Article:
(a) the exchange of information, whether upon request, spontaneously or automatically, concerning financial accounts, cross-border tax rulings, country-by-country reports between tax administrations, and potential cross-border tax planning arrangements;
(b) rules on interest limitation, controlled foreign companies and hybrid mismatches.
2. A Party shall not weaken or reduce the level of protection provided for in its legislation at the end of the transition period in respect of public country-by-country reporting by credit institutions and investment firms, other than small and non-interconnected investment firms.
Article 5.3: Dispute settlement
This Chapter shall not be subject to dispute settlement under Title I [Dispute settlement] of Part Six [Dispute settlement and horizontal provisions].
There are some useful aspects in 1(a), which includes CbCR and with the “potential cross-border tax planning arrangements” allows for the continuation of DAC6 (UK: International Tax Enforcement (Disclosable Arrangements)) which should be welcomed. However, I want to concentrate on 1(b), which is the provisions contained within the ATAD, with the notable exclusion of the GAAR and Exit Tax rules.
Clearly, since the GAAR and Exit tax are not in BEPS what this section is committing both sides to is adherence to the international standards.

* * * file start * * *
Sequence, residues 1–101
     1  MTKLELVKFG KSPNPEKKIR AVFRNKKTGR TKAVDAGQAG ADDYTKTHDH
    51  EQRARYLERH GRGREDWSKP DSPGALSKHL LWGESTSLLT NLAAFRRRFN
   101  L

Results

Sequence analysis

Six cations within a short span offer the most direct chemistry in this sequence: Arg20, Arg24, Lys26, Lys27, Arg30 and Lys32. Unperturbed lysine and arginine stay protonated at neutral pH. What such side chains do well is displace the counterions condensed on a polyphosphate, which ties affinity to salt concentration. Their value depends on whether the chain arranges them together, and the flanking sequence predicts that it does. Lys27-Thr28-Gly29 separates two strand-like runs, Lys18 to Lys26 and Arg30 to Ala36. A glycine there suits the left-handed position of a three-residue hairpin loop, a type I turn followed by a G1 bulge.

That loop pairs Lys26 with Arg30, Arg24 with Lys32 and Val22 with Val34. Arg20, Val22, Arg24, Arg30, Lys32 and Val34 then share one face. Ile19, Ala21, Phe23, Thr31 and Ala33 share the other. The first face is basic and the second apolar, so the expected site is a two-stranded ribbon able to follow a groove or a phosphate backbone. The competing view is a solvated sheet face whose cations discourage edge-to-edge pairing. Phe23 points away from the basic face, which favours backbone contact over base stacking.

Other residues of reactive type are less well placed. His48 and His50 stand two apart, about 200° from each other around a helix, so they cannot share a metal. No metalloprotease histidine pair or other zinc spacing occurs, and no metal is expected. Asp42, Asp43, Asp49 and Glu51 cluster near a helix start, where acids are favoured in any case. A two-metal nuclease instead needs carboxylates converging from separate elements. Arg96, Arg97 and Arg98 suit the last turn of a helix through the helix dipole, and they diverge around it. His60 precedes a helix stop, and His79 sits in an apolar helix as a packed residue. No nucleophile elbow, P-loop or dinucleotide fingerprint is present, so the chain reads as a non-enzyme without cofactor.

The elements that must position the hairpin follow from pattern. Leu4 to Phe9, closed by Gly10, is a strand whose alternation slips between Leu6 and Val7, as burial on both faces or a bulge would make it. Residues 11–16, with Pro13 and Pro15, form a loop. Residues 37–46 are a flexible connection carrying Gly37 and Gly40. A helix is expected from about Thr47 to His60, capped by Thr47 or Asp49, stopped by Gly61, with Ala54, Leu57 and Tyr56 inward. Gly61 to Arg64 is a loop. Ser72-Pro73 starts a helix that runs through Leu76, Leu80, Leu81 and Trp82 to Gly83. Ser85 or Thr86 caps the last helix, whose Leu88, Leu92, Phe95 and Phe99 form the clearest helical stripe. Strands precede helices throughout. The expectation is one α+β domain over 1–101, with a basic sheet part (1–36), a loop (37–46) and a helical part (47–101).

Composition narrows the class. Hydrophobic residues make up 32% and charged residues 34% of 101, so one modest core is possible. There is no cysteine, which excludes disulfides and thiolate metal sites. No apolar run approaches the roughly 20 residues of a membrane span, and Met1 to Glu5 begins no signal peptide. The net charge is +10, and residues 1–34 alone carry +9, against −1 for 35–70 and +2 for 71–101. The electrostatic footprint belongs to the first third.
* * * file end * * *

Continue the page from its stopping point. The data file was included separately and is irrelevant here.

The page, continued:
Now, there are two glaring features of this section that will be leapt upon by all conspiracy theorists but also by some more sensible commentators. Firstly, there is no guarantee that the UK will retain the GAAR or Exit Tax rules and secondly the “Chapter shall not be subject to dispute settlement” so the UK has freedom to diverge seemingly without repercussion (which of course ignore the fact that the rules are an international standard, so there would undoubtedly be repercussions).
My wording is deliberate here. Perhaps there’s something in the British sense of fair play that means people must, on occasion, take the opposing team’s side. Why would we think the UK would diverge? Why not the EU? After all, the UK’s GAAR predates the EU’s GAAR by about 7 years and, unlike the EU GAAR, is not limited to Corporate tax liability. As well as Corporate tax the UK’s GAAR includes Income Tax, CGT, Petroleum Revenue Tax, Diverted Profits Tax, the Apprenticeship levy, inheritance tax, SDLT and ATED.
Just a note here to say I am not the GAAR’s biggest fan. For me it is a cumbersome tool and tax authorities should instead (or even in addition) analyse the specific reason they want to use the GAAR and formulate policy to meet each specific even if that means forgoing the odd general. The GAAR is most effective as a deterrent rather than an enforcement tool. Just my opinion. All that said, I find it very unlikely that the UK will remove the GAAR, notwithstanding its exclusion from the TCA. People may point to the TCA and say the UK is now free to remove it, but, of course, the UK was entirely free to implement it – there was no obligation of any kind on the UK to introduce one in 2012. Even though I am sceptical of its usefulness, it is still a tool and I can see no merit in removing it – unless it is replaced with an improvement.